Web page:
In a significant victory for Kenyan citizens, the High Court has put a halt to the government’s proposal to raise water prices by a staggering five times the current rate.
The court’s decision comes as a relief to many who were concerned about the potential burden this increase would impose on the already strained economy.
A Victory for the Vulnerable
The new water charges, which were scheduled to take effect on February 1, 2023, were suspended by High Court Judge Justice Mugure Thande.
The judge’s ruling prevents the Ministry of Water, represented by Water CS Alice Wahome, and the Water Resources Authority from implementing or enforcing the new charges until a lawsuit filed by various civil society groups is resolved.
The lawsuit, initiated by the Kenya Water and Sanitation Civil Society Group, Likii Water Resources Users Association, Mt Kenya Ewaso Water Partnership, and Likiundu Water Resources Users Association, argues that the government’s decision to increase water bills lacked transparency and public participation. They contend that the abrupt implementation of the regulations exacerbates the country’s economic woes.
As part of the court’s order, Wahome, the Water Services Regulatory Board, National Assembly, Council of Governors, and Senate have been directed to respond to the lawsuit by June 12, 2023. This response will allow the court to thoroughly assess the merits of the case and make an informed decision.
The proposed water price hike faced widespread opposition from stakeholders, who raised concerns about the burden it would place on the population. The charges were set to skyrocket from 50 cents to Ksh5 for every 1,000 litres of water consumed, a tenfold increase that drew considerable outcry.
The Role of Maji na Ufanisi
In the midst of this legal battle, Maji na Ufanisi, a WASH NGO, has been advocating for clean and affordable water for all Kenyans. They argue that water is a basic right, and the new charges would put this essential resource out of reach for many, particularly the poor and vulnerable groups.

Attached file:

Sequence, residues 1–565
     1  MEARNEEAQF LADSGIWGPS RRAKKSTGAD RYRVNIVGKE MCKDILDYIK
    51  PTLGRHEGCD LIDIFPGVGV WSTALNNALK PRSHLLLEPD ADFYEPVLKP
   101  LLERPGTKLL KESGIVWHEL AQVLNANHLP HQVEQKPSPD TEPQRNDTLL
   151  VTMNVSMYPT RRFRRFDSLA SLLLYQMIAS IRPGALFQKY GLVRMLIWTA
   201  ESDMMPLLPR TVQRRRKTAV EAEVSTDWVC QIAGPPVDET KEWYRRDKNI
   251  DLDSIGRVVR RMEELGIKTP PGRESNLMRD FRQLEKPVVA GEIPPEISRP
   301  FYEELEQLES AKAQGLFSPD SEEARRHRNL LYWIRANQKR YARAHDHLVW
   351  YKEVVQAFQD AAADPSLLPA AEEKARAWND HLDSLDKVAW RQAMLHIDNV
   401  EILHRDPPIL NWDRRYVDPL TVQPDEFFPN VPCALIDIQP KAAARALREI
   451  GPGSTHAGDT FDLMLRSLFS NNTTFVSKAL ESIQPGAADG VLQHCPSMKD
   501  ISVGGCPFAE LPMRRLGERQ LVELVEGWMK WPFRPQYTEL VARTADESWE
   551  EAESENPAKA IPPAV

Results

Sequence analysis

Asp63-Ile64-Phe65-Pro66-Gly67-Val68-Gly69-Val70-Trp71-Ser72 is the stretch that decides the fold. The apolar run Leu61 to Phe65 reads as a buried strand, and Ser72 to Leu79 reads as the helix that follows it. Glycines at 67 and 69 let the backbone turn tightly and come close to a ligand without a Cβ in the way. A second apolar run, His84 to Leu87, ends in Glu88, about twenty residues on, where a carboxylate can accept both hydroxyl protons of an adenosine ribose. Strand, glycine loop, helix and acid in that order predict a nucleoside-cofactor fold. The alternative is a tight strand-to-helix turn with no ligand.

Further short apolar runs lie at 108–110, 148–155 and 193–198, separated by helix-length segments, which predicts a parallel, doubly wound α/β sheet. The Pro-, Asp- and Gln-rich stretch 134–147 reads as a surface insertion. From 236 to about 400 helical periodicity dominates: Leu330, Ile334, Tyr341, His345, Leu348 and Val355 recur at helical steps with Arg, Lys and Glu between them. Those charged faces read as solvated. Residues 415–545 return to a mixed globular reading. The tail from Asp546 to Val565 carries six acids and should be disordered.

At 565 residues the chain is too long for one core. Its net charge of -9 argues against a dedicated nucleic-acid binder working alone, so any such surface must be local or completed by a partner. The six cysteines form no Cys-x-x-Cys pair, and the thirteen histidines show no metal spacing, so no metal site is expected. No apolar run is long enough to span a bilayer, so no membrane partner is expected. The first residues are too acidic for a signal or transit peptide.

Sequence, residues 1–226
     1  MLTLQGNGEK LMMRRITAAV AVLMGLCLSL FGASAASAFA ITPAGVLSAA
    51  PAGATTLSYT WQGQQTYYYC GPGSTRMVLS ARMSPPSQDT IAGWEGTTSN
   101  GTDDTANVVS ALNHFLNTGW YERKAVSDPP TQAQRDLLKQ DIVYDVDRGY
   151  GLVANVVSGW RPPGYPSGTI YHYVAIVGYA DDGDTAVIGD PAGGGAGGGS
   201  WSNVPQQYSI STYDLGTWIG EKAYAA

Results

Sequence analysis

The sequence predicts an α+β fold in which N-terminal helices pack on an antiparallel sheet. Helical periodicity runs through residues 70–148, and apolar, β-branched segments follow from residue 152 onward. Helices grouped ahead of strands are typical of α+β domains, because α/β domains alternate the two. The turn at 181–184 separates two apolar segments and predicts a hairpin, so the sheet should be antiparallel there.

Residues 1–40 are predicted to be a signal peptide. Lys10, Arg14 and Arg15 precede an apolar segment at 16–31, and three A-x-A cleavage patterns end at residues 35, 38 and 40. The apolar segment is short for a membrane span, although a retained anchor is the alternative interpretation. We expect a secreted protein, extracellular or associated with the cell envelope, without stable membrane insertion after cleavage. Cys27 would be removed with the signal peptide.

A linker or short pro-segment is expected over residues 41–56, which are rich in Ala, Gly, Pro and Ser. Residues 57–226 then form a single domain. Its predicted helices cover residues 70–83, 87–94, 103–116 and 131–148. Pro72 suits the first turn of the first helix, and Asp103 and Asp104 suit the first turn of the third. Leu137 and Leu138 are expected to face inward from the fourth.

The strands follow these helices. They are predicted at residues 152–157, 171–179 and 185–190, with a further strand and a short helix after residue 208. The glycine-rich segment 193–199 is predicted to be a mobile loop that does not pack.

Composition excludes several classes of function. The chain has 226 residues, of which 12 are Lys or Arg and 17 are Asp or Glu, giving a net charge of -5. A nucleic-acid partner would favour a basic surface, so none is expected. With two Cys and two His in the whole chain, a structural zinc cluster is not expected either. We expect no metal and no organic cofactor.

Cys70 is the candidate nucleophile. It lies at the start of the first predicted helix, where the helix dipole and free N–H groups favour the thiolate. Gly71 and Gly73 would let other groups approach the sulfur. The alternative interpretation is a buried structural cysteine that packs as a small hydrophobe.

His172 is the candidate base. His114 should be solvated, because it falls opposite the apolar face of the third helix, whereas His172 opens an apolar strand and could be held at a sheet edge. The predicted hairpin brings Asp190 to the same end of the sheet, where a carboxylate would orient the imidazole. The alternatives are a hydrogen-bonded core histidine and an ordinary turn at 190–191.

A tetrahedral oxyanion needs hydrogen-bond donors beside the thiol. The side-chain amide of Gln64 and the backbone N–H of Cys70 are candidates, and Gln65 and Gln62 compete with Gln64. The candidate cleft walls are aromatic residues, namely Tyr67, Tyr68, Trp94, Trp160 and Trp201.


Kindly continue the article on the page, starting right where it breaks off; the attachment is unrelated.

The petitioners claim that the government increased the water charges without considering the plight of these groups. They further claim that the new charges will worsen the levies on consumer bills, putting an undue burden on those who can least afford it.
As the case unfolds, both the government and civil society groups will have an opportunity to present their arguments and provide evidence supporting their positions.
Ultimately, the court’s determination will have far-reaching implications, not only for the water sector but also for ensuring that decisions affecting the public are made in a fair and inclusive manner.
For now, Kenyans can breathe a sigh of relief knowing that the looming burden of higher water prices has been temporarily averted, providing a respite to individuals and businesses alike.
This case serves as a reminder of the importance of public participation and transparency in matters that directly affect the welfare of the citizens.